2007 - 2020

Imagining a New Scottish Landscape

Much of the world we inhabit is based on deep assumptions we aren’t even aware of. Much of the way the world is – is based on a history we barely acknowledge. Who owns the land, how it is used and what is thought of as productive are issues that we struggle to get perspective on because of this. This is true of much of our political structures and social organisation. If you had to make the case for dependence and joining the Union today, you would struggle. If you had to make the case for private ownership of housing you would likewise struggle to make a convincing argument.

The case for much of the current (mis) management of land in Scotland is completely unsupportable. It is completely irrational for land to be held in such concentrated forms for the benefit of a wealthy elite, yet it is often thought of as axiomatic and unchallengeable.

Revive – the coalition for grouse moor reform – is really a campaign about far deeper change about land and power. The same arguments about grouse can and are made about deer and salmon, and it is no coincidence that the three iconic symbols of Scotland – are also ones that represent both a bedrock of landed power and aristocracy – but also a festering sore of environmental injustice, pollution and contamination. The things that we hold up as our greatest symbols of nature and wilderness are the very things that distort our society and destroy our environment.

Today MSPs were shown the following video by Revive. ‘Government’s Den’ satirises the world of entrepreneurs and business gurus in the TV show Dragon’s Den and imagines a world where grouse shooting doesn’t exist.  Instead it puts two lobbyists in front of the Dragons, arguing for up to a fifth of Scotland to be managed for the bloodsport. The film sees the lobbyists put forward their case for ownership of a huge part of Scotland in return for a 0.02% contribution to the economy, with only ‘a few Government subsidies’ required. They also argue that they will use predator control to systematically wipe out all species that pose a threat to grouse to enable them to cultivate tens of thousands of game birds to be shot for entertainment.

Reform’s Campaign Manager, Max Wiszniewski said: “The video is intended to be taken tongue in cheek, but behind the humour is a very serious issue. Driven grouse shooting is an intensively managed bloodsport which depends on turning vast swathes of Scotland into barren monocultures. The circle of destruction which surrounds grouse moor causes untold suffering to many thousands of animals, depletes our peat reserves and causes environmental damage on an industrial scale. The Revive coalition has alternative visions for our moors to address the environmental crisis in our countryside caused by intensively managed grouse moors and we hope this video will raise awareness of these issues and show just how ridiculous the current situation is.”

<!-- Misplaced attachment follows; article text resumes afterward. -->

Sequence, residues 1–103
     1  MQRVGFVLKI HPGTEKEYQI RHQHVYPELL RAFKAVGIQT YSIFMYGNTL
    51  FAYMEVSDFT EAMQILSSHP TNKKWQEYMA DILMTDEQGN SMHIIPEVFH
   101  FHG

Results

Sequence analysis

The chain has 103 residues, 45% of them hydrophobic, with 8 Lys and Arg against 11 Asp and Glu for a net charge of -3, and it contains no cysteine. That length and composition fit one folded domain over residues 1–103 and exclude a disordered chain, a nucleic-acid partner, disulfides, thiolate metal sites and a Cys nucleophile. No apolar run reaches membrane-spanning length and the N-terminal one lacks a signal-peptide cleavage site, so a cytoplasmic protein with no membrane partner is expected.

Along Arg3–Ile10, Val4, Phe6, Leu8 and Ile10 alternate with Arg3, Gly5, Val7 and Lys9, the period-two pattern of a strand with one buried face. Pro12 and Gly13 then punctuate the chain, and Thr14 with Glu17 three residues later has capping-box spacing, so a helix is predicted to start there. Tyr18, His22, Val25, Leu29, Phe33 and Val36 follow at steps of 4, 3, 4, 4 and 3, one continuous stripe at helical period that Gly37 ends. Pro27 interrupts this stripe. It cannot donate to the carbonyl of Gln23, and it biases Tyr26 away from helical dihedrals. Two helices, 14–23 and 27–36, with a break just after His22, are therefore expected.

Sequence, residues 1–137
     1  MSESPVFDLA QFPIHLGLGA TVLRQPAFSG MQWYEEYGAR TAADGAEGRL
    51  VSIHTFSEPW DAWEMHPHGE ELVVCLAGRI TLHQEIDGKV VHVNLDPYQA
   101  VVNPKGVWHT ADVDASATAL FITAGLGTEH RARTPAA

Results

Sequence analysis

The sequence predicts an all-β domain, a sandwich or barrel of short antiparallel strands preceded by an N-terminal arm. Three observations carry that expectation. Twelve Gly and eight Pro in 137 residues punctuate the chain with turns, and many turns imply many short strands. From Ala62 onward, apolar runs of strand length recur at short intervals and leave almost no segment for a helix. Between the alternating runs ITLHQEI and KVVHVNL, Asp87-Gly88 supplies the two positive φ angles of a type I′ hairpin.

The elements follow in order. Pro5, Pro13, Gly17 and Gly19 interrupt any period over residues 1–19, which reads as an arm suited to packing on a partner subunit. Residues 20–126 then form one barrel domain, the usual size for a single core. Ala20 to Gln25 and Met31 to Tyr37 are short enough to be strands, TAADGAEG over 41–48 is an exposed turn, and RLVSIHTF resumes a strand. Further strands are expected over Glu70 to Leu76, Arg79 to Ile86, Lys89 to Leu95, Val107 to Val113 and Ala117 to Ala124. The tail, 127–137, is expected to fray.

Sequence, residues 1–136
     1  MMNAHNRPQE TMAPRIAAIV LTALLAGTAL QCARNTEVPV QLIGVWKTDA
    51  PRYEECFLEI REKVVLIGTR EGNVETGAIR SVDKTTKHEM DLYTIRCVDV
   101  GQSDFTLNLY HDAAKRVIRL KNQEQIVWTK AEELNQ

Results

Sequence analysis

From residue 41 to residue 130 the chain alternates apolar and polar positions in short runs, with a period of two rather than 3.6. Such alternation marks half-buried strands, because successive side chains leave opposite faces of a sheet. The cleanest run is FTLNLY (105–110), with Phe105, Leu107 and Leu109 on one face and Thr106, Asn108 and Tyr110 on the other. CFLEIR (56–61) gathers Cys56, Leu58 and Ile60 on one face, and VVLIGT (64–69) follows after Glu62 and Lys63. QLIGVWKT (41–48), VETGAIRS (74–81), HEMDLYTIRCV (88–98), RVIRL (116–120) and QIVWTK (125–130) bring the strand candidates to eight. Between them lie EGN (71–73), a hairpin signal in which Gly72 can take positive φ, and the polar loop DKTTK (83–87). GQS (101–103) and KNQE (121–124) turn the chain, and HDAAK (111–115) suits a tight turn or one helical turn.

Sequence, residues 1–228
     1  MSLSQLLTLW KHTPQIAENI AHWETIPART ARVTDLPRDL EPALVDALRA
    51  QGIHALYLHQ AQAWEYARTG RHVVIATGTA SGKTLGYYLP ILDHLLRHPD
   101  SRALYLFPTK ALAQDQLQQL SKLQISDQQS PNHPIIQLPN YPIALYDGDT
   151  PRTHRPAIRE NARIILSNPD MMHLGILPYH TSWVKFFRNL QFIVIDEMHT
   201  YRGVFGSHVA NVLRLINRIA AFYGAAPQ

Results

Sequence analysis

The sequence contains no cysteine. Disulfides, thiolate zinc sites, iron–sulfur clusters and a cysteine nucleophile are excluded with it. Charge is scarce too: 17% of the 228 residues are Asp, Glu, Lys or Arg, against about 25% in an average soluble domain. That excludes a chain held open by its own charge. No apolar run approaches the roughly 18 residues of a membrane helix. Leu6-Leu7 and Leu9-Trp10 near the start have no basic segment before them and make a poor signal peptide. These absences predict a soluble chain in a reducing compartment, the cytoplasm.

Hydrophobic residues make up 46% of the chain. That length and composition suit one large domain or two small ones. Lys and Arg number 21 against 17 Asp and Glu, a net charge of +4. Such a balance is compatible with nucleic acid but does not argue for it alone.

Comments (10)

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  1. Mae McKenna says:

    A brilliant piece.

  2. Lesley Docksey says:

    Hi Mike
    Had just watched this video when your post came into my mail box. Brilliantly done; I couldn’t fault it, and I’ve sent it round some of our West Country wildlife people I have a lot of respect for Revive and perhaps we should ask their team to come and do something for our English foxes, hares, badgers, buzzards, red kites, pheasants….
    Some of the Scottish short film makers are great – very funny and their barbs so pointed. So, thank you Scotland!

  3. Andrew says:

    Fair enough. A novel way to make your point. I do not wish to defend having so much land dedicated just to grouse shooting but isn’t covering all this land with trees as you seem to wish just as bad from the point of view of ecological diversity. You criticise the grouseshooters for killing lots of animals which they deem as vermin but blanket trees are very bad news for many animals and lots of rare flora. Moorland is a valuable habitat too and I should hate to see it all disappear under forestry. We could do with some more trees but not to the point where they cut off access to the high tops so be careful what you wish for.

    1. I think you’re maybe thinking of commercial monocrop forest? Proper reforestation requires native trees and would aid biodiversity, re-wilding and climate massively. Moorland and diversity of habitat is of course essential – just no the land management as presently conceived by and for a tiny elite of landowners and their clients.

      1. Wu, says:

        Andrew, Have a look at Carrifran Woodland restoration in the Borders to see the blossoming of life which is possible on previously barren, moorland. Bountiful nature is sat there, just under the soil, waiting for the overgrazing, burning and intensive mis-management of our land to stop. This is not about planting dense blankets of cellulose-factory sitka spruce, it is about letting the land live again, and us with it.

        https://www.carrifran.org.uk/about/what-we-have-achieved/ecological-restoration/